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Generating Random Values

A series of 20 fair (equal probability of head=1 or tail=0) coin flips can be generated by the random binomial generator

rbinom(n=20, size=1, prob=0.5)
# size indicates the number of flips in each of the 20 trials

Samples from a set of numbers or names can be drawn.

sample(20)  # this arranges 1:20 in random order
sample(20,5) # this draws 5 samples from 1:20
sample(20, replace=T)

The last example draws 20 samples from 1:20 with replacement, while the default is to sample without replacement. Use the help command to find more information about sample and paste.

x24 <- paste('trt',1:10,sep='')

Example: Generating Randomized Treatment Maps

You can use random numbers and sampling in R to generate maps of treatments for experiments. For example, a completely randomized design assigns a set of treatments to experimental units at random throughout the set of experimental units. This is in contrast to a randomized complete block design, where each treatment is assigned to one experimental unit within a block. The easiest ways to conceptualize such experimental designs may be in the context of a field study in which a unit of land or a plot is an experimental unit or in terms of a greenhouse study in which a pot on a bench is an experimental unit.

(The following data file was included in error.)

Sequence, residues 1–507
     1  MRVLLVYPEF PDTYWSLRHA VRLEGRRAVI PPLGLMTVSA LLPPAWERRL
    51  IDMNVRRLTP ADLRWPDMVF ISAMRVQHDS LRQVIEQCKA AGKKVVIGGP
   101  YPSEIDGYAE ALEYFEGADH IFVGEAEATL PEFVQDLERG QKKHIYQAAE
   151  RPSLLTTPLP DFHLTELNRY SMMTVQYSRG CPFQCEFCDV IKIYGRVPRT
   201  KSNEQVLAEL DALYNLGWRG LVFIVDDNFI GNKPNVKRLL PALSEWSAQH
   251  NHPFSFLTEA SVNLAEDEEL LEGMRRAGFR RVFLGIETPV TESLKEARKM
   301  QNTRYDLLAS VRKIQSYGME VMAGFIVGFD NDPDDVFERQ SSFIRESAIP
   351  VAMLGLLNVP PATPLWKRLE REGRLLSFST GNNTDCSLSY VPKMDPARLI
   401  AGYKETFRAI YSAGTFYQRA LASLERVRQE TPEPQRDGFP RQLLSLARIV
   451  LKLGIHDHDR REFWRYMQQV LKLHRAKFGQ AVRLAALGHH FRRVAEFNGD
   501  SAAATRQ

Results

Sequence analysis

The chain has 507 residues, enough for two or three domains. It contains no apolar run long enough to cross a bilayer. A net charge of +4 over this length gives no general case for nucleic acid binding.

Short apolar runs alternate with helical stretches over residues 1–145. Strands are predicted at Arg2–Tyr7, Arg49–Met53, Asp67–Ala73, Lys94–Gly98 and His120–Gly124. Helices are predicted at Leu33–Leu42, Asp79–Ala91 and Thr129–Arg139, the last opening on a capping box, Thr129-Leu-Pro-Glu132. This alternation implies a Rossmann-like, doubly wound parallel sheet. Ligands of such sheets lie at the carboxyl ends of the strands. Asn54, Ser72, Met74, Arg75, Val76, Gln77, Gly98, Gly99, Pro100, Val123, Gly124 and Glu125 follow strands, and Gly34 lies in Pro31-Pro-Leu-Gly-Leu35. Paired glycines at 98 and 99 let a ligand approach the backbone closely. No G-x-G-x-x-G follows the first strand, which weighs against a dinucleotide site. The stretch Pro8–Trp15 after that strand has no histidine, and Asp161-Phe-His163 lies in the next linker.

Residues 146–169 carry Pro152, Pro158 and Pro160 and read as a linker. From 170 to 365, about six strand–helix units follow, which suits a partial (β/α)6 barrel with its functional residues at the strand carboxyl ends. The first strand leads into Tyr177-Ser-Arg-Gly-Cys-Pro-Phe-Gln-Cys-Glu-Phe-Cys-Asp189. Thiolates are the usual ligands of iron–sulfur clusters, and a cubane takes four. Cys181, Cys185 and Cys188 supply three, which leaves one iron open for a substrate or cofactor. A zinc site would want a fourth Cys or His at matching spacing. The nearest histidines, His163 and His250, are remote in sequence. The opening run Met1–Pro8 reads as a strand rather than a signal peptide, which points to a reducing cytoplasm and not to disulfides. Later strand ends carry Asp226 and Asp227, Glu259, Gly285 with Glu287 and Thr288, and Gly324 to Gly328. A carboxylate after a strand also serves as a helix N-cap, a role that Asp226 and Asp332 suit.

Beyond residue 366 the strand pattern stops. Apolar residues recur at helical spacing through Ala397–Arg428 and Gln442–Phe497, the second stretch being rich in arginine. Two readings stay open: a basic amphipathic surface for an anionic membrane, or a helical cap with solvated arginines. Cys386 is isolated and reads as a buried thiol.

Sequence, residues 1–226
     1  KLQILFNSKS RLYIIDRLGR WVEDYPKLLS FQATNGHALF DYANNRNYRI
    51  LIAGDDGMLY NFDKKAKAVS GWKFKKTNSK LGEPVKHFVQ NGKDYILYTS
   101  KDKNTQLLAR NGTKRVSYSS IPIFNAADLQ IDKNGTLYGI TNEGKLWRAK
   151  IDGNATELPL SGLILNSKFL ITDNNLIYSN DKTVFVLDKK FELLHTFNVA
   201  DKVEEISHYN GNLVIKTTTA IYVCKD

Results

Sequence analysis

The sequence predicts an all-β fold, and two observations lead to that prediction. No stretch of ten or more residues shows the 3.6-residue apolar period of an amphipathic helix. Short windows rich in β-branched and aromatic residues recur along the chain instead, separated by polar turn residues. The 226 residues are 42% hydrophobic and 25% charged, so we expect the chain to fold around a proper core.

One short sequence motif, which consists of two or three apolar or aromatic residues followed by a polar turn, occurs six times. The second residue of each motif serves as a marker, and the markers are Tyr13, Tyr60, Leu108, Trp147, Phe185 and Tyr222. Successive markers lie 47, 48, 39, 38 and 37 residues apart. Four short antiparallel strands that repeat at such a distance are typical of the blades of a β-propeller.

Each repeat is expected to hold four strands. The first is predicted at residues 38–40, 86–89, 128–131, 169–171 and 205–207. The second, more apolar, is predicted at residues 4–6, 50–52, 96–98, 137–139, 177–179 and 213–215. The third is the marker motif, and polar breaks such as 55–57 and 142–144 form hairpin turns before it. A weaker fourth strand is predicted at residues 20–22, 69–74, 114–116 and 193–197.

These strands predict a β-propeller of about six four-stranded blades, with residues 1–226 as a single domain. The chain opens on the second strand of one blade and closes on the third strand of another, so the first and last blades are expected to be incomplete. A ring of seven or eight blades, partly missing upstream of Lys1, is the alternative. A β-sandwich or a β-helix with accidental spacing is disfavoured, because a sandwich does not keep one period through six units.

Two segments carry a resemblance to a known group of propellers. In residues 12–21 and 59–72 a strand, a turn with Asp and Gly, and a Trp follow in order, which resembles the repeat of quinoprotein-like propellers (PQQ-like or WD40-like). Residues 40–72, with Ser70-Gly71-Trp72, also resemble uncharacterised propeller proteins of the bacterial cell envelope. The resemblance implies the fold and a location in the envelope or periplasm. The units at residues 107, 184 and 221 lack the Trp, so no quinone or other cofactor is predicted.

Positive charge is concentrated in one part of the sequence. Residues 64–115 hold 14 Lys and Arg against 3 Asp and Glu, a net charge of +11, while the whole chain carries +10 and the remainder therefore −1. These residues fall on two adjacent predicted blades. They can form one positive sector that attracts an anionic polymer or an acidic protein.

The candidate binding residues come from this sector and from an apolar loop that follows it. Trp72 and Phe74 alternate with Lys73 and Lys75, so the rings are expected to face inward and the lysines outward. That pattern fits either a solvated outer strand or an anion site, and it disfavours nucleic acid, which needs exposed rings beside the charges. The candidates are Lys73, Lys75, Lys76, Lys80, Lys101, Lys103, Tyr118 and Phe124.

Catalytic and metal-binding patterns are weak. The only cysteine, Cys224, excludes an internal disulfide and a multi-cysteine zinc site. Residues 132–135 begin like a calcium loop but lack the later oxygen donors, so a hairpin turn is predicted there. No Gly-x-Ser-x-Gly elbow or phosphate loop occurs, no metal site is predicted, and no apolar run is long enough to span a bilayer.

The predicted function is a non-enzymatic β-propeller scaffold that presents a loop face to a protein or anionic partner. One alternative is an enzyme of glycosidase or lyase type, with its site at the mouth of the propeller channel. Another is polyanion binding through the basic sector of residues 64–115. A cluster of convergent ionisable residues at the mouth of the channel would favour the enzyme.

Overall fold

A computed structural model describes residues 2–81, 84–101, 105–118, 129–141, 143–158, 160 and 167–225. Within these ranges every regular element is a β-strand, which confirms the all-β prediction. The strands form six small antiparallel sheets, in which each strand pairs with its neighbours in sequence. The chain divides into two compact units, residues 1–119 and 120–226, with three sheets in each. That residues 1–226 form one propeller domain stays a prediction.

For a completely randomized design, suppose there are ntrt treatments labeled 1 through ntrt, and nrepl replicates. The set of random treatment assignments can be generated by the following code, where arbitrary values of ntrt and nrepl are supplied as an example:

ntrt <- 8
nrepl <- 2
# These treatments can be assigned to a map with
# particular dimensions by putting the values

# in a matrix of desired dimension
temp <- sample(rep(x=1:ntrt,times=nrepl))
# note that the function ‘rep’ already exists in R
# and is not to be confused with our new variable ‘nrepl’
# try ‘help(rep)’ for more information


For a randomized complete block design, each treatment has to be assigned once within each block before the same treatment can be assigned again. If nrepl = 1 (an unrealistic case), then the order of treatments can be randomized by:

ntrt <- 8
nrepl <- 1
# Suppose nrepl is greater than 1
nrepl <- 5
randout <- sample(1:ntrt)
for (j in 2:nrepl){randout <- c(randout,sample(1:ntrt))}
# If the blocks should appear in the map as columns



Next: Statistical Distributions